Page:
I also promise that I will never strive for or ambition any prelacy or dignity outside the Society; and I will to the best of my ability never consent to my election unless I am forced to do so by obedience to him who can order me under penalty of sin. And moreover, if I shall find out that anyone [another Jesuit] is seeking to secure anything of the two aforementioned things or is ambitioning them, I promise that I will communicate his name and the entire matter to the Society or its Superior.

Pope’s Christmas greetings to Roman Curia

color armsThe Holy Father meets with the Roman Curia typically on the Third Saturday of Advent in the Clementine Hall. In the past the papal address was longer and had a slightly different tone and content. Francis’ talk this year is spiritual with with a tone of fraternal correction aiming at a more substantive pastoral ministry for the of the person, and that of others. What the pope said to the curia is applicable to all. It ought to be attended to by all of us.

The Lord has enabled us to journey through Advent, and all too quickly we have come to these final days before Christmas.  They are days marked by a unique spiritual climate made up of emotions, memories and signs, both liturgical and otherwise, such as the creche…  It is in this climate that this traditional meeting takes place with you, the Superiors and Officials of the Roman Curia, who cooperate daily in the service of the Church.  I greet all of you with affection.  Allow me to extend a special greeting to Archbishop Pietro Parolin, who recently began his service as Secretary of State, and who needs our prayers!

While our hearts are full of gratitude to God, who so loved us that he gave us his only-begotten Son, it is also good to make room for gratitude to one another.  In this, my first Christmas as the Bishop of Rome, I also feel the need to offer sincere thanks to all of you as a community of service, and to each of you individually.  I thank you for the work which you do each day: for the care, diligence and creativity which you display; and for your effort I know it is not always easy – to work together in the office, both to listen to and challenge one another, and to bring out the best in all your different personalities and gifts, in a spirit of mutual respect.

In a particular way, I want to express my gratitude to those now concluding their service and approaching retirement.  As priests and bishops, we know full well that we never really retire, but we do leave the office, and rightly so, not least to devote ourselves a little more fully to prayer and the care of souls, starting with our own!  So a very special and heartfelt “thank you” goes to those of you who have worked here for so many years with immense dedication, hidden from the eyes of the world.  This is something truly admirable.  I have such high regard for these “Monsignori” who are cut from the same mould as the curiales of olden times, exemplary persons…  We need them today, too!  People who work with competence, precision and self-sacrifice in the fulfilment of their daily duties.  Here I would like to mention some of them by name, as a way of expressing my esteem and my gratitude, but we know that, in any list, the first names people notice are the ones that are missing!    Besides, I would also risk overlooking someone and thus committing an injustice and a lack of charity.  But I want to say to these brothers of ours that they offer a very important witness in the Church’s journey through history.

They are also an example, and their example and their witness make me think of two hallmarks of the curial official, and even more of curial superiors, which I would like to emphasize: professionalism and service.

Professionalism, by which I mean competence, study, keeping abreast of things…  This is a basic requisite for working in the Curia.  Naturally, professionalism is something which develops, and is in part acquired; but I think that, precisely for it to develop and to be acquired, there has to be a good foundation from the outset.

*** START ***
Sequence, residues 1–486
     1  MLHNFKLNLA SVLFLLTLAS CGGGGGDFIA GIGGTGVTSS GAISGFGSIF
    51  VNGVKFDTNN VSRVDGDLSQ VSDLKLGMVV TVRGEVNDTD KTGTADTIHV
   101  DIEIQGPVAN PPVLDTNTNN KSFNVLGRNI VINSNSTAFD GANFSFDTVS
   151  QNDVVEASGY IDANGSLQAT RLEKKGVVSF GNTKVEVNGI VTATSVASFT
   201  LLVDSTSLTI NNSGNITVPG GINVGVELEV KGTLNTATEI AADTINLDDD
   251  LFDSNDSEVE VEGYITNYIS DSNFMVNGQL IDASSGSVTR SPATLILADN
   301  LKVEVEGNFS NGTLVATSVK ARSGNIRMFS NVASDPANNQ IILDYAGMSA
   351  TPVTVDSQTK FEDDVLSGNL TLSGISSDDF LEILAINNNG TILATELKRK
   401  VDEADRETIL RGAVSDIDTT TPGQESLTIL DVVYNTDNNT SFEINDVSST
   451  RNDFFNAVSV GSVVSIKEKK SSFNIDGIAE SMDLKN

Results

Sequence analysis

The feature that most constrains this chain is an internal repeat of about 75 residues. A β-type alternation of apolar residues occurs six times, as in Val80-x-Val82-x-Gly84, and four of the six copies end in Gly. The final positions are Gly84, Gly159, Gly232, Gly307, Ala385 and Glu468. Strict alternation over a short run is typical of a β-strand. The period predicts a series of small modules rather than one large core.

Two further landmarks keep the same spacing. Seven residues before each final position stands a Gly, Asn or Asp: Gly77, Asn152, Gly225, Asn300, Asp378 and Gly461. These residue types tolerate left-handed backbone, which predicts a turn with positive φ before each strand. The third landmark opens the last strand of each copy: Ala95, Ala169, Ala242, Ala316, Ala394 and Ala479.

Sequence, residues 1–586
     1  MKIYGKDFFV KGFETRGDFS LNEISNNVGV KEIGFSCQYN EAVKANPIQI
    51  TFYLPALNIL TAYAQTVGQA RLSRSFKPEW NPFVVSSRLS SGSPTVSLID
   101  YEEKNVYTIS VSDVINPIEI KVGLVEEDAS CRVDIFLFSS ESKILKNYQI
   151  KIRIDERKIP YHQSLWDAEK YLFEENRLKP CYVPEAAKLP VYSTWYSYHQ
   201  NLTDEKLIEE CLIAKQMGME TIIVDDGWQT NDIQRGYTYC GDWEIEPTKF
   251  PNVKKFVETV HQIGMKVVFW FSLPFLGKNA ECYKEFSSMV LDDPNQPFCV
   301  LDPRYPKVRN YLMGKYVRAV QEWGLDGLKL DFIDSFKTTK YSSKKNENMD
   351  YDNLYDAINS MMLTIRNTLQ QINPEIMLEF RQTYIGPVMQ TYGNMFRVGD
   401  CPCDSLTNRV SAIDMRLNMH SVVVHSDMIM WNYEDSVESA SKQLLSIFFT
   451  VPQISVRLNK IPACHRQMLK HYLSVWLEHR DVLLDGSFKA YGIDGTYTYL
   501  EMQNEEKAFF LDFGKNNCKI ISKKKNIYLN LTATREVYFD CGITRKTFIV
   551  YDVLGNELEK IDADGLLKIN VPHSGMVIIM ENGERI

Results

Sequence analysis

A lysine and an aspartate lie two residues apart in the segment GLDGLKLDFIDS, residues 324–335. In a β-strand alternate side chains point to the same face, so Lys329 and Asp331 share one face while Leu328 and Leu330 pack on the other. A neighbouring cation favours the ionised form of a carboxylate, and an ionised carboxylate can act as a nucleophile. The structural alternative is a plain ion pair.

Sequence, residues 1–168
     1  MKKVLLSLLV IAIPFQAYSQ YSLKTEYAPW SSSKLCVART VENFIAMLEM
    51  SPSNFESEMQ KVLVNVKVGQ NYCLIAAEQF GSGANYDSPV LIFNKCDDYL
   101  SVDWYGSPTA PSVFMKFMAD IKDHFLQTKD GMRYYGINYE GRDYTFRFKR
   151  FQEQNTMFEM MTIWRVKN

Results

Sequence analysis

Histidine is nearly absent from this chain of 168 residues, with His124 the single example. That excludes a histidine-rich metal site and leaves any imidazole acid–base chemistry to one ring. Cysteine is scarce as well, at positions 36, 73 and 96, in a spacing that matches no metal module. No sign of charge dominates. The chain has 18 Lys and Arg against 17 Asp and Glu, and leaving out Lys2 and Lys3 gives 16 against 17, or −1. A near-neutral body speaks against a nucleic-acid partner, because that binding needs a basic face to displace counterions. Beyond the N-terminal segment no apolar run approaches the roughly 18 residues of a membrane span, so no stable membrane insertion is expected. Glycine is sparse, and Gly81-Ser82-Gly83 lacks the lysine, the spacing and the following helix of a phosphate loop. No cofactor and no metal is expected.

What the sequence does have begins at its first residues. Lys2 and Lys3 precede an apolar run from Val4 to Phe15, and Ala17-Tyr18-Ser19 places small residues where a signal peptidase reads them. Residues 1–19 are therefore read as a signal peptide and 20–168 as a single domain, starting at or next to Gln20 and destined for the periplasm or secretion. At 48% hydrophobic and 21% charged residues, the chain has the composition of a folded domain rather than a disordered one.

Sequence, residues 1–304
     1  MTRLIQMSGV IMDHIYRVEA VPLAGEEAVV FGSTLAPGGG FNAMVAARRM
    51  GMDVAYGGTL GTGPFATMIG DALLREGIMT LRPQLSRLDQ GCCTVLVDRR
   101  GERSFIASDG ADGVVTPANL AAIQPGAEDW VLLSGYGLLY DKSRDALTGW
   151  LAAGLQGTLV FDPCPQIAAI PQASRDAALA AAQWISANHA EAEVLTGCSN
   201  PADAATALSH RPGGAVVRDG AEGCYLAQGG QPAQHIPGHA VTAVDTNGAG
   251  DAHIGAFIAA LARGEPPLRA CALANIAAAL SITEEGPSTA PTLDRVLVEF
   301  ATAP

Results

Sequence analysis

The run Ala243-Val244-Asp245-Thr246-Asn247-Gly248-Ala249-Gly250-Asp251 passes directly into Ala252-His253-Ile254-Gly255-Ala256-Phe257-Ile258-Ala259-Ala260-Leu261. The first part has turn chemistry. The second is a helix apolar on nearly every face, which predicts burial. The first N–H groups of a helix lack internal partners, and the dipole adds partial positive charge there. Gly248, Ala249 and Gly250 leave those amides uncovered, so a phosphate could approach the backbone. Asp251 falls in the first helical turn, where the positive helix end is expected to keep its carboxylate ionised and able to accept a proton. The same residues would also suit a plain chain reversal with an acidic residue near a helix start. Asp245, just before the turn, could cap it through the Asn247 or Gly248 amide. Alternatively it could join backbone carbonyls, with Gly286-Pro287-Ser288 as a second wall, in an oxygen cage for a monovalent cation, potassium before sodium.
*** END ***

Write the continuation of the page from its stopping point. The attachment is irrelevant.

The second hallmark is service: service to the Pope and to the bishops, to the universal Church and to the particular Churches.  In the Roman Curia, one learns – in a special way, “one breathes in” – this twofold aspect of the Church, this interplay of the universal and the particular.  I think that this is one of the finest experiences of those who live and work in Rome: “to sense” the Church in this way.  When professionalism is lacking, there is a slow drift downwards towards mediocrity.  Dossiers become full of trite and lifeless information, and incapable of opening up lofty perspectives.  Then too, when the attitude is no longer one of service to the particular Churches and their bishops, the structure of the Curia turns into a ponderous, bureaucratic customshouse, constantly inspecting and questioning, hindering the working of the Holy Spirit and the growth of God’s people.

To these two qualities of professionalism and service, I would also like to add a third, which is holiness of life.  We know very well that, in the hierarchy of values, this is the most important.  Indeed, it is basic for the quality of our work, our service.  Here I would like to say that in the Roman Curia there have been, and still are, saints.  I have said this publicly on more than one occasion, as a way of thanking the Lord.  Holiness means a life immersed in the Spirit, a heart open to God, constant prayer, deep humility and fraternal charity in our relationships with our fellow workers.  It also means apostleship, discreet and faithful pastoral service, zealously carried out in direct contact with God’s people.  For priests, this is indispensable.

Holiness, in the Curia, also means conscientious objection.  Yes, conscientious objection to gossip!  We rightfully insist on the importance of conscientious objection, but perhaps we too need to exercise it as a means of defending ourselves from an unwritten law of our surroundings, which unfortunately is that of gossip.  So let us all be conscientious objectors; and mind you, I am not simply preaching!  For gossip is harmful to people, harmful to our work and our surroundings.

Dear brothers and sisters, let us feel close to one another on this final stretch of the road to Bethlehem.  We would do well to meditate on Saint Joseph, who was so silent yet so necessary at the side of Our Lady.  Let us think about him and his loving concern for his Spouse and for the Baby Jesus.  This can tell us a lot about our own service to the Church!   So let us experience this Christmas in spiritual closeness to Saint Joseph.  This will benefit all of us!